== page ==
For background on Movember see my original post.
Support the cause - donate to Steve, and the UWO Geography Gentlemen!
When I started my Movember series of blog posts, I didn't originally take time to consider how many I wanted to publish. I knew I wanted to do more than one or two, so I started to ponder various numbers associated with baseball. First, I considered nine - one for each inning - until I realized that would mean basically writing a post every other day until the end of the month, at this point that seemed a bit much. Doing one for each fielding position wasn't an alternative, as there are nine of those as well. Other numbers, such as games in a series - five or seven - just didn't seem like the right fit as that number may vary depending on the series. I finally settled on a moustache from each division. This gives me five posts in the 15 days left in the month. Which seems reasonable. I even sat down and chose a someone from each division (not as easy a task as one might suspect!)
Since I started out in the National League East Division with the Phillies, I decided to tackle the American League East Division next. As much as I may loath to mention the Yankees, I can't help but bring up the mutton-style moustache of Richard Michael Gossage.
Goose is often credited with creating the role of the 'closer' in baseball, the main difference from today being that he would often pitch the last three innings of a game, compared to only the final inning most closers pitch today. Gossage played 22 seasons for nine different clubs, spending the best of his years with the New York Yankees and the San Diego Padres.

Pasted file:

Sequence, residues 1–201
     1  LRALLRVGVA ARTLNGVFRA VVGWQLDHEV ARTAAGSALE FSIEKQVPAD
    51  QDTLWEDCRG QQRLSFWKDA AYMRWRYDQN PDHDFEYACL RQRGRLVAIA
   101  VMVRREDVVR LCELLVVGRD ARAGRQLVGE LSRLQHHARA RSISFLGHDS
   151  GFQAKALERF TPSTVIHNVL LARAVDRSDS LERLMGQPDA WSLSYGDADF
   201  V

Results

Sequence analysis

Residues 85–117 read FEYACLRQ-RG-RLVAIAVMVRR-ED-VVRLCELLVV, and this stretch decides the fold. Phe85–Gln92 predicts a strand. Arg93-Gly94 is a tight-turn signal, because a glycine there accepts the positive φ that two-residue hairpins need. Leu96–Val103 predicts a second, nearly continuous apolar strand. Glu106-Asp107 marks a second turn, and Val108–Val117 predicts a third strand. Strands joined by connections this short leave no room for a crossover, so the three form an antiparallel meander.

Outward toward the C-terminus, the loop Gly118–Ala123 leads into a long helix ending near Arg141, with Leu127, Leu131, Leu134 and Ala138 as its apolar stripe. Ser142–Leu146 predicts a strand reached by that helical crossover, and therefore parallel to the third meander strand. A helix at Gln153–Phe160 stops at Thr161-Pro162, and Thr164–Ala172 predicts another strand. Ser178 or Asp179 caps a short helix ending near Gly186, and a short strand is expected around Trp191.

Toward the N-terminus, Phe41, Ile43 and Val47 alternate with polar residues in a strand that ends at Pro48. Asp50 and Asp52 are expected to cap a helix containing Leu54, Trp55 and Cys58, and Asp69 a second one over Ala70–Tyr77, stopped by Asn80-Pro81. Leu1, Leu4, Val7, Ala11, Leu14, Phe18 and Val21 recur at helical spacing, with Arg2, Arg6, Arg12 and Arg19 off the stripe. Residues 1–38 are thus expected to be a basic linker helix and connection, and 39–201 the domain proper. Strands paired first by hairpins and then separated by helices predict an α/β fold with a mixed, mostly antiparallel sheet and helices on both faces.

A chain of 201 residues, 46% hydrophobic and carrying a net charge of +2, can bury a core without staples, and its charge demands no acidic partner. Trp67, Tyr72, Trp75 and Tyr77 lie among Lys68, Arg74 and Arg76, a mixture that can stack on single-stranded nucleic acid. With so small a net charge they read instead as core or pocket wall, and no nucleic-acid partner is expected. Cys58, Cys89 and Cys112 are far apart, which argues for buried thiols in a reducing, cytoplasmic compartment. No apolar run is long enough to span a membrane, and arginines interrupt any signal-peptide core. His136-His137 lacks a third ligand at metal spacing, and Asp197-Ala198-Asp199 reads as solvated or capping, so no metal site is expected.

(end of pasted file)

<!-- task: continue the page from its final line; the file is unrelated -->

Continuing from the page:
Before retiring in 1994, Gossage pitched in 1002 games, finishing 681, which earned him 310 saves. He racked up 1502 strikeouts in 1809 innings, and three seasons he led the American League in saves (75, 78, and 80). He also holds the Yankees career record for ERA (2.14) and hits per nine innings (6.59). These stellar stats earned him nine All-Star appearances, and he took the mound in three World Series. Goose was elected to the National Baseball Hall of Fame in 2008.
In 1983, Yankees owner George Steinbrenner directed then-manager Yogi Berra to tell Gossage that his beard had to go. In response, Gossage grew and extended his moustache even further down his jaw. He was known for his "wild facial hair and gruff demeanor to go along with his blistering fastball," thus earning him a spot in my Movember Moustache Hall of Fame.
For those of you wondering how I chose Gossage as an AL East player when he pitched for nine different teams, he is enshrined in the Baseball Hall of Fame as a Yankee, so that was good enough for me.